Time for Lord Laird to retire

Discretion and tact have never been John Laird’s close friends. Good judgment has been a positive stranger.  Some of his causes like Ulster Scots were accompanied by a fair amount of indulgence, as all the world knew.  John was not part of the temperance wing of Unionism. Reviewing his artlessly revealing autobiography I described him as Ulster Unionism’s jester, a word  less open to misunderstanding than clown or  fool.  I stand by that.  Jesters or clowns are exaggerated performers who wallow in sentimentality and behind their knockabout lies a barely concealed sadness.  Among many others John will have embarrassed his fellow Ulsterman Robin Eames the former archbishop, who is a member of the House Standards Committee which has suspended him from the Lords for four months. Robin and I both were in the throng attending his book launch in the Lords.

I declare a small interest. He was once my neighbour in Belfast and a very good neighbour he was. Like many others I’ve enjoyed his generous hospitality and company. He’s a very hard man to dislike even by many who warily kept their distance.  But he never seemed able to make up his mind whether to be one of the club or a rebel, an exaggerated example perhaps of an Ulster Unionist out of his comfort zone. Even his contributions seemed like attention seeking. He asked nearly 300 written parliamentary questions last year   He was a minor rebel against the Lords’ residual stuffiness and a critic of others’ abuses. In the end he fell for abusing the protection and privilege he relied on to give him a platform.

To adapt Clement Attlee’s famous verdict on a gabby colleague, a very long period of silence from him would be welcome. The time has come for John Laird to lay aside his ermine and lead a quiet life, for the sake of what’s left of his reputation and his health.  It will be easier for his true friends to stick by him. Being a member of the House of Lords was beyond his measure and it went to his head.

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  • Rory Carr

    No more to be said really. He certainly ought to retire or resign or whatever it is that peers do when all integrity has been lost.

    That however does not mean that he will resign (or retire) and we might consider that one who was eager to so seedily abuse the privileges of the Upper House in return for cash would be loath to abandon the daily attendance allowance of £300 not to mention whatever other perks might accrue to a peer of the realm with interesting (read: profitable) connections.

    However, that said, let us hope that he does find the grace to go and salvage the respect that the better side of his character has earned.

  • “Even his contributions seemed like attention seeking. He asked nearly 300 written parliamentary questions last year”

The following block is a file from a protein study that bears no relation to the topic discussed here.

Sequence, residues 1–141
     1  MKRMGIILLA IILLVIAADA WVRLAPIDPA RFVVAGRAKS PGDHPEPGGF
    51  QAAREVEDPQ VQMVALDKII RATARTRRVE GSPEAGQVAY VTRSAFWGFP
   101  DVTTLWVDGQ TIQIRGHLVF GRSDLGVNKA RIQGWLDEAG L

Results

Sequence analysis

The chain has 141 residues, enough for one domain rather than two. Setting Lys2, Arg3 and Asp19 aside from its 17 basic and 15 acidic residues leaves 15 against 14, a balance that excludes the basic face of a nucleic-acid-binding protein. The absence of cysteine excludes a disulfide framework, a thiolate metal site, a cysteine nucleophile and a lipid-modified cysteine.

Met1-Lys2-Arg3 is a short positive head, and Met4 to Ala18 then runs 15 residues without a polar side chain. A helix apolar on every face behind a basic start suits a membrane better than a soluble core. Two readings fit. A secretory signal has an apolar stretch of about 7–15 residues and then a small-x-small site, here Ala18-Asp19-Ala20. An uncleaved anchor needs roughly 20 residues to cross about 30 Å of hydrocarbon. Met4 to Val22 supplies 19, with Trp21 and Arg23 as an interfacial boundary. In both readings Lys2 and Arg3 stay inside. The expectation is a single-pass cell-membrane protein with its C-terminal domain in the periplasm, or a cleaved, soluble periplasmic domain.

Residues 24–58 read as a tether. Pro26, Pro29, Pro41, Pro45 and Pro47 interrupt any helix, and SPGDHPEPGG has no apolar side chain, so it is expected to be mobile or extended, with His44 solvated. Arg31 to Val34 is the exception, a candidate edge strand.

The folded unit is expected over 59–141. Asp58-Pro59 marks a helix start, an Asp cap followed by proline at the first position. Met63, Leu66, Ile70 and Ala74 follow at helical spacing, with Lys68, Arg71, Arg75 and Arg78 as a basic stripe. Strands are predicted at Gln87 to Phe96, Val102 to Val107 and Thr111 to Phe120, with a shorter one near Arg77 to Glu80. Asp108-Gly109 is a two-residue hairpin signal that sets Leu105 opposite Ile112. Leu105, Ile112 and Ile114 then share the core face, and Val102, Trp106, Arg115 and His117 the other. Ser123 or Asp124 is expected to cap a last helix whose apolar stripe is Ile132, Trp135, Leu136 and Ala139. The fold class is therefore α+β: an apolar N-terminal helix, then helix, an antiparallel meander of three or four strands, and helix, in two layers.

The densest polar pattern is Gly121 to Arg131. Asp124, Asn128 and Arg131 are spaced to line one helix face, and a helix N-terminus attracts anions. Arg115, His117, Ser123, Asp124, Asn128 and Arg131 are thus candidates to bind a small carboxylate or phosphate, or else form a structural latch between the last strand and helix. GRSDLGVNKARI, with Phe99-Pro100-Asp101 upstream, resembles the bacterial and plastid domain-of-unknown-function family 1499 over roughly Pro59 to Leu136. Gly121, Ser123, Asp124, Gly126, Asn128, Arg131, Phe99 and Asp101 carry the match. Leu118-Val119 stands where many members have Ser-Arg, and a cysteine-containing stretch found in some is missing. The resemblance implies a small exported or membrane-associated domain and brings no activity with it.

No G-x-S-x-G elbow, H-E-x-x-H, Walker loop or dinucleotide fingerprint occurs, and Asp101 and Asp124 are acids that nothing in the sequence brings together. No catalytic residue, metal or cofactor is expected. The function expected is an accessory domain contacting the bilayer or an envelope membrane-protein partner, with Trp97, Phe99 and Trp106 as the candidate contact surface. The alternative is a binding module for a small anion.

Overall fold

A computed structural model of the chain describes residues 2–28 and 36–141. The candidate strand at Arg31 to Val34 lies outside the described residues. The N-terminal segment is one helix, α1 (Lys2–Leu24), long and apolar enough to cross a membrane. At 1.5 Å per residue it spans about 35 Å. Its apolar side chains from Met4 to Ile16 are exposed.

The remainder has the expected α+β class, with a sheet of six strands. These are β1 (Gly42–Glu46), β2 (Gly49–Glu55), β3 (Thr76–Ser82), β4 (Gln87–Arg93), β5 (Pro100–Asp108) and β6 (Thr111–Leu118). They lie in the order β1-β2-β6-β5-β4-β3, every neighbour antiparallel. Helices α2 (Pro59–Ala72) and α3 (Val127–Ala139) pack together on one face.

It’s good to see a parliamentarian asking questions; some of these come from concerned citizens. Better governance and less evasion could lead to fewer questions. For example, this short answer to a straightforward question took nine attempts!

    Lord Laird (UUP)
    To ask Her Majesty’s Government whether the Rathlin ferry MV “Canna” had a valid passenger certificate throughout September 2008.

    Lord Adonis (Secretary of State, Department for Transport; Labour)
    Further to my Answer of 29 June 2009 (Hansard, col. WA 23) the MV “Canna” did not hold a valid passenger certificate between 1 and 11 September 2008.

    We never thought of asking Robin Eames for assistance but as he only got three answers during the course of a year it might have been a waste of time.

  • Dec

    Why should he resign? Simply sit it out and then go back to taking taxpayers money to fund his lifestyle and sense of entitlement. The real issue is why this individual was ever ‘elevated’ in the first place.

  • lamhdearg

    we have convicted killers, bombers, gunrunners and pedo protectors residing in the various houses of power across the British isle’s, what harm another crook.

  • Nice to see you back commenting lamhdearg.

  • lamhdearg


  • sherdy

    Brian, you say John asked 300 questions in the Lords in the past year. Is there any suggestion that there was any financial motive? No one would be surprised if it were so.
    You think maybe he should retire. With his reputation for chasing the money I think that is very unlikely.
    Jester or fool – nobody saw the funny side of being fleeced, and he made fools of the unionist population who followed or accepted him in his play-acting at extremism.

  • He didn’t actually take money, he just discussed it, which is why he got 4 months and the other Lord got 6 months.
    We all need a buffoon sometimes to relieve the tedium that usually goes with our politics.

  • SeaanUiNeill

    How very refreshing to see a House Standards Comittee that can actually come to a clear and rapid decision. I quote the Wikipedia article on Peter Robinson:

    “While the police investigation into the conduct of the Peter and Iris Robinson concluded in a recommendation not to prosecute in 2011, the Standards and Privileges enquiry has still not been completed three years after it was ordered by the Assembly, and remains ongoing.”

    But perhaps poor Laird is considered as not quite so indispensible as our First Minister…..